The entertainment corporations lost more than half a trillion dollars in market value in 2022 in their chaotic, reckless streaming efforts, a process that cries out for the rational, socialist planning of the industry. We have no sympathy for their losses, these are firms collectively with billions, perhaps trillions, in the bank. However, they are out for blood. Cutting costs is on the order of the day, and the writers are the first to face the assault. Artificial Intelligence, which has such vast potential, will be used to wipe out jobs and further “robotize” the writing of film and television scripts.

The Guild has no strategy for mobilizing the strength of the workers in the industry and beyond, which would require bypassing the SAG-AFTRA and DGA hierarchies, nor any desire to see the strike go in that direction. That would rock the boat, that would slice through all the cozy connections with big shots in the industry, the other union hierarchies and the Democratic Party.

In the end, even for the various “militants” on the WGA negotiating committees, a miserable deal with the AMPTP will simply be an inconvenience, a bump in the road, whereas for the less-established writers it will be a disaster.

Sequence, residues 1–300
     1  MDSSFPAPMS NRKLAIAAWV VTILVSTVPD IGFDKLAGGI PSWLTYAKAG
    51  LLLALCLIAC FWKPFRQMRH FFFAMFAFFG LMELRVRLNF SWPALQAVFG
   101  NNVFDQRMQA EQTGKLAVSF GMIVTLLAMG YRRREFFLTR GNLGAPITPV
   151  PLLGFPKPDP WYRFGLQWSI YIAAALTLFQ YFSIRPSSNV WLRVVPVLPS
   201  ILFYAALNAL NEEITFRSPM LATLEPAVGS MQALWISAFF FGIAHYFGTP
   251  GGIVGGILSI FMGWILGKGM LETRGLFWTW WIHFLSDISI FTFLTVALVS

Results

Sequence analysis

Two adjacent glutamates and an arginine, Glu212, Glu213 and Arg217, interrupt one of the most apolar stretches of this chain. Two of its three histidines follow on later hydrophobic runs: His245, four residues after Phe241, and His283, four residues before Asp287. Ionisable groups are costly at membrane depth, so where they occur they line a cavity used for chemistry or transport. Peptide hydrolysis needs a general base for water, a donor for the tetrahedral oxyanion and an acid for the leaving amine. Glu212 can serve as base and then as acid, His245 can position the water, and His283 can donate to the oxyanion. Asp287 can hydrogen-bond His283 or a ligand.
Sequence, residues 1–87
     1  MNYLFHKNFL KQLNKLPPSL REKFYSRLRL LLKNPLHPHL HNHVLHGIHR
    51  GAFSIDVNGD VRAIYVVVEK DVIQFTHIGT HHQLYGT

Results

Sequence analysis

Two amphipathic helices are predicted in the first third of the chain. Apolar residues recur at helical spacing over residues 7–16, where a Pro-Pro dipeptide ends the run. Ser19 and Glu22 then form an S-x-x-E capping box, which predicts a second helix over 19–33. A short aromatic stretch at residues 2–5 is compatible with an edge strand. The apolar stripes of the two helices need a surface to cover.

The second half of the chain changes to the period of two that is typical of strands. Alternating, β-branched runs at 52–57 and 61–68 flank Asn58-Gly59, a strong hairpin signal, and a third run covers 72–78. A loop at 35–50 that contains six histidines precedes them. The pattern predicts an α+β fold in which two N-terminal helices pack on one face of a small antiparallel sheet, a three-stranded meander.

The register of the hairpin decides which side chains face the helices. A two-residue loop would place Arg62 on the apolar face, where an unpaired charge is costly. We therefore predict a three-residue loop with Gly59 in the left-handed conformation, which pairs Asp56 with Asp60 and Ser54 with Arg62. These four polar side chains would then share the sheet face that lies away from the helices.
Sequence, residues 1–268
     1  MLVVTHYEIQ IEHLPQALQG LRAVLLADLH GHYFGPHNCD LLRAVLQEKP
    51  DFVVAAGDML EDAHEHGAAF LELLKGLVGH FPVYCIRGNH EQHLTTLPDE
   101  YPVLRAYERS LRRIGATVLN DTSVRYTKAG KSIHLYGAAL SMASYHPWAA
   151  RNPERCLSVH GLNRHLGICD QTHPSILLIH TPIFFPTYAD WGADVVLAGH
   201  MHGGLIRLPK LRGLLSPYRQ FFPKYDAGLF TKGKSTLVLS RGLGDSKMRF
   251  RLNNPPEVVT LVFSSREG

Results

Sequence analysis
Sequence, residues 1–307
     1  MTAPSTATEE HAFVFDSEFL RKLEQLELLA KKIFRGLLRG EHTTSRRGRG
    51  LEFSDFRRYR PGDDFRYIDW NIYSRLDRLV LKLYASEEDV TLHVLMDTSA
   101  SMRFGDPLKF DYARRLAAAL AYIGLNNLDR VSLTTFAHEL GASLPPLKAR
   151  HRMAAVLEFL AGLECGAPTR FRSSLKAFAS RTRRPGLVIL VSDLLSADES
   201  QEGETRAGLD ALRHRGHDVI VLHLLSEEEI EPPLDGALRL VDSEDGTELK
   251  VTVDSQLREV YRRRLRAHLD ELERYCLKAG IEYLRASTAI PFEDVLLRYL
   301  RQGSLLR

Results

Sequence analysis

We urge writers to consider these issues seriously. The WSWS has a proven record of being right on these matters.

The International Workers Alliance of Rank-and-File Committees (IWA-RFC) was founded in 2021 to answer a burning need, the development of a global counteroffensive of the working class in response to decades of social counterrevolution, imperialist war, the spread of the coronavirus pandemic and the growing danger of fascism and dictatorship.

The writers’ true allies are striking Clarios and Constellium workers in the Midwest, West Coast dock workers, Oakland teachers, embattled physicians in Queens, health care, auto and UPS workers and millions more. That’s where the writers should look for genuine support and solidarity.

If writers on both coasts formed rank-and-file committees they would formulate demands to protect writers from inflation and guarantee jobs and conditions, based not on what the companies claim they can afford, but on what writers and other workers require. Such committees would also inevitably begin addressing head-on the big political, social and cultural problems television and film artists face and how the viselike corporate grip can be shattered.